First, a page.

Windows in Time

It has taken me three weeks of hiking in the valley before I could make it to the high village and Terry’s land. From the landing at the lake about half the distance to the property is cobblestone lane. From the river bridge it is steep mountain trail the rest of the way.

Lake Atitlan in Guatemala is in a volcanic caldron. That means it is a lake that now rests several thousand feet below the highlands above. The land rises quickly from the waters edge. The surrounding farm lands and villages hang on steep mountain slopes.

This particular valley extends upward about half the distance to the highlands above. It is a steep mountain valley with two rivers that meet below the village. The upper village and farm land rests on a small mesa of flat land fed water by surrounding springs.

The vista of the lake and distant active volcano is breathtaking from this elevation.

A portion of Terry’s land is used for organic gardens. The farmers that raise and own the crops there are a part of a local growers association. The association is helping the farmers to grow new crops and find new markets.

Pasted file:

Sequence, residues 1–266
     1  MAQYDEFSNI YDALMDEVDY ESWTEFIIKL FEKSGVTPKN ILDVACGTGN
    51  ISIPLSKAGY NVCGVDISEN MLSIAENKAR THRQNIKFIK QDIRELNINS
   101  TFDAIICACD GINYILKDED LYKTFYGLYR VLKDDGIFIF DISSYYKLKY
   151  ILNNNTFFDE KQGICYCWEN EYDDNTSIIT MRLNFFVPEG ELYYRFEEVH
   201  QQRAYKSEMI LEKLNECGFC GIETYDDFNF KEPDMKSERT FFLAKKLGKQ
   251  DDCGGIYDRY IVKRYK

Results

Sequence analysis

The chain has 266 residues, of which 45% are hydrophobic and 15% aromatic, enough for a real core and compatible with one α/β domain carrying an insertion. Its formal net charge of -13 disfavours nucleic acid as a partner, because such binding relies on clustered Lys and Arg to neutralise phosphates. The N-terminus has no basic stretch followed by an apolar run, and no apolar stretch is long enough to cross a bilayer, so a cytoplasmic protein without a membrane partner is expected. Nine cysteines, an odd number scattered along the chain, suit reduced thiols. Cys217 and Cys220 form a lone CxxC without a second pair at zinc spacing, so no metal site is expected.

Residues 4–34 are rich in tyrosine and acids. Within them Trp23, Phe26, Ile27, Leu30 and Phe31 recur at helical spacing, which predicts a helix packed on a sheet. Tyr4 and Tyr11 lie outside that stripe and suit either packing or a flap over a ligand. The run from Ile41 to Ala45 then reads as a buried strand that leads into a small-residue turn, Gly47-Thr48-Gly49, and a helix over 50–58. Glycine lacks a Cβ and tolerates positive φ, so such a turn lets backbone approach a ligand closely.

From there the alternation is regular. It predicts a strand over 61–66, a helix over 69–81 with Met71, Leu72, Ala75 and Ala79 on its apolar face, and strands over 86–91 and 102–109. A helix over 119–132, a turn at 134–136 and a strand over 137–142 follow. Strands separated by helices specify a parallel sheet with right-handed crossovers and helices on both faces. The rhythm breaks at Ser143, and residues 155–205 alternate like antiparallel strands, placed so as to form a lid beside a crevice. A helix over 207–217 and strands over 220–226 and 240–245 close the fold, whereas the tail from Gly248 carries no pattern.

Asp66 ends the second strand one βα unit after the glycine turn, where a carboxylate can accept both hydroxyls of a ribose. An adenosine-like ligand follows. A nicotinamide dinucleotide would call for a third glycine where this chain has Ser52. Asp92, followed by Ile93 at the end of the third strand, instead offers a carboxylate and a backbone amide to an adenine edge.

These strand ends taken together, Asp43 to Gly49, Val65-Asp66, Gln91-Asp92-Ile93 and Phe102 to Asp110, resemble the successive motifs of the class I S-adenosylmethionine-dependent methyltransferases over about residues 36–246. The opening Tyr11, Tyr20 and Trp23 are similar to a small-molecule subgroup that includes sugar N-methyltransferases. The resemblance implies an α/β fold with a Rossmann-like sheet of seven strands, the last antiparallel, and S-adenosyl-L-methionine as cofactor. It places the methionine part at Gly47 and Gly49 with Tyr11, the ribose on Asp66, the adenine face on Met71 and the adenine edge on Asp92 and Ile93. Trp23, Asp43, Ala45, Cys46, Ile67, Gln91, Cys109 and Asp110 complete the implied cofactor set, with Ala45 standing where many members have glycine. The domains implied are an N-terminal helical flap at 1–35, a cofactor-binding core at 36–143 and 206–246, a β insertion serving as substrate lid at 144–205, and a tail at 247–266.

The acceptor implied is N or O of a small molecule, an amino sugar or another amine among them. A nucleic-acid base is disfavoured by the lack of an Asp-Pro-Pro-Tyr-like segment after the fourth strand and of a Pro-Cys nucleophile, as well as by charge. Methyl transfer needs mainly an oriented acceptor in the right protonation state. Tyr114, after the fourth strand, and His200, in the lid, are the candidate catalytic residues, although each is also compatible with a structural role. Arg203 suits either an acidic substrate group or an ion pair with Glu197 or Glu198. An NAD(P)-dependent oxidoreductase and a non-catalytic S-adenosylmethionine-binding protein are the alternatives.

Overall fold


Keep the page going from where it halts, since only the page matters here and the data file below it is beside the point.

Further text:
I will rent the A-frame that borders the organic gardens while I build on my property just above Terry’s holdings. I have spent many years looking for this opportunity and I will share with you what I have found.

I have a friend who has lived in this village for years. He knows his neighbors and works with them on a daily basis. He is an accepted member of this community. He has vastly decreased my entry time in to this community.

I am fitting right in as another farmer growing organic crops. I have been invited to take part in the associations’ activities. I am quickly becoming a member of a small and open community of people with common interests.

This is fun!
Smiles, ET

Dollars and Sense

It is true I have a long walk up a steep mountain trail to reach my property, but once I am there I have little reason to leave. I have found community in this remote mountain valley. There are always people about.

Our activities center on the land and there are few mechanical or electronic distractions. There is electricity here but it doesn’t seem to be used for much other than lighting and radios.